Hearing the word ‘neuroblastoma’

Ollie was immediately transferred to Addenbrooke’s hospital. After several days of testing and scans it was finally confirmed on January 9th 2019 that Ollie had stage 4 high-risk neuroblastoma.

“He had a tumour in his abdomen around one of his kidneys and another tumour growing behind his right eye, which was pushing on his eyeball. The cancer had also spread to his bone marrow,” say Gary and Lucy.

“We can’t even describe the feelings we felt when we were told. It was quite simply the worst day of our lives. No one can prepare you for it, but we had to accept it and be strong for Ollie. We decided that no one was allowed to cry around him – if we felt ourselves feeling emotional we left the room for a moment and just try to be positive around him.”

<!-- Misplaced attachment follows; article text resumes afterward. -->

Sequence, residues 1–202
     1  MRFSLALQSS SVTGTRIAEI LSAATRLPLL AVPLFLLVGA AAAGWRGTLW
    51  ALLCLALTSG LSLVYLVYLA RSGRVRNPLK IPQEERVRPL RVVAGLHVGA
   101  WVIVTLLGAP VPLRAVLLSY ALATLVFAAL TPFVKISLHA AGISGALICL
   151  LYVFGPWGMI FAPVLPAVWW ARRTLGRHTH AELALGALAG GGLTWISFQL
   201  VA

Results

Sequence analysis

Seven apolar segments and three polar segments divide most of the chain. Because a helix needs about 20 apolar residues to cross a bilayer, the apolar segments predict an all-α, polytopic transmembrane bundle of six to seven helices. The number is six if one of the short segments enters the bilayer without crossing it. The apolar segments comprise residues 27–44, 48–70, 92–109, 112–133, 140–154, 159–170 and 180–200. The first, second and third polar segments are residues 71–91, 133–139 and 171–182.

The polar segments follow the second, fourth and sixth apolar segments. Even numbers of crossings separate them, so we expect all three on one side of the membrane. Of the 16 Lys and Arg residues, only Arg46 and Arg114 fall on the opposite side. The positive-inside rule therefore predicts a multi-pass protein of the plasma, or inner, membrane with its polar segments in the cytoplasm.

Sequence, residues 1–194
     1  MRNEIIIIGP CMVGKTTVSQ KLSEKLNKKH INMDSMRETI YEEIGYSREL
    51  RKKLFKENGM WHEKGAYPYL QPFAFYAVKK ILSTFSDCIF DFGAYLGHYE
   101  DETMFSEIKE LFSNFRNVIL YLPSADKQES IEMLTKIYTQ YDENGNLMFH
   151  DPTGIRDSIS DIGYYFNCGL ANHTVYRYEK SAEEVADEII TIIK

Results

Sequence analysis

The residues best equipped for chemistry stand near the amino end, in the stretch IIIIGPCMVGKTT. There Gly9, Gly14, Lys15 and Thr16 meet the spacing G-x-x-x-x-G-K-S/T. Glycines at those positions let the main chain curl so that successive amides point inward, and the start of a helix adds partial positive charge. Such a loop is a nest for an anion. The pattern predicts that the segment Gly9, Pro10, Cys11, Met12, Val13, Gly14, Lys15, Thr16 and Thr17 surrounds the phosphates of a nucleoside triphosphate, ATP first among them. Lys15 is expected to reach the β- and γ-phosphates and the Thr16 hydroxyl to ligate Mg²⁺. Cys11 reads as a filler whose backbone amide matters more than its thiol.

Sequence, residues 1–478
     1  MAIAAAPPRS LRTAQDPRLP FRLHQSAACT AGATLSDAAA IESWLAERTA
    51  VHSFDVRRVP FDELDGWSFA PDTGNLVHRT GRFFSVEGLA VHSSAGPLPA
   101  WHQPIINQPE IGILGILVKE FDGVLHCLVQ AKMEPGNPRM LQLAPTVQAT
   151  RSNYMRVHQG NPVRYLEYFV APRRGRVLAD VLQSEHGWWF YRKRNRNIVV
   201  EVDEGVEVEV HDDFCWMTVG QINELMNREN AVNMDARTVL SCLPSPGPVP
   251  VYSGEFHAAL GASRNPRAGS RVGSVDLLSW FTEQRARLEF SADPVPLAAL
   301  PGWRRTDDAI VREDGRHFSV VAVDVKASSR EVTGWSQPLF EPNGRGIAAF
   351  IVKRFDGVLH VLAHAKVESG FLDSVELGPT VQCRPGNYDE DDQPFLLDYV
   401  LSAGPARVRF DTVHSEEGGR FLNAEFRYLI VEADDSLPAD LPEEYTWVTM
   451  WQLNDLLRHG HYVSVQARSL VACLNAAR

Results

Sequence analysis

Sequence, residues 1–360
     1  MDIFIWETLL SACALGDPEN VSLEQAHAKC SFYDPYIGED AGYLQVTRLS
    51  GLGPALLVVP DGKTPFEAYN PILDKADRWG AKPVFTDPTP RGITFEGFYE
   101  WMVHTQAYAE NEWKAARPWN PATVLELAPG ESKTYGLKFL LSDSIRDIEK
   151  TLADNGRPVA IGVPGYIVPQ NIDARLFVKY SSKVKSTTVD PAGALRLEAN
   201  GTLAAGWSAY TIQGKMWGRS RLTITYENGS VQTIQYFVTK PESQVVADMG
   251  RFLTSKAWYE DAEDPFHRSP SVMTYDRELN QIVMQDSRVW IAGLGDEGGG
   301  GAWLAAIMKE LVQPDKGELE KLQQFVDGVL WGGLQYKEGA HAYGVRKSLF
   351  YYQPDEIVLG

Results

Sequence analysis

Starting treatment immediately

Ollie started chemotherapy the day after his diagnosis and then had surgery and more intensive chemotherapy, which involved being in isolation for weeks.

“We already noticed the difference in him. It was like we had our old Ollie back. Running around, playing with his cars and wanting to interact with other children once again.”

Ollie then had radiotherapy before starting several months of immunotherapy - due to finish in April/May.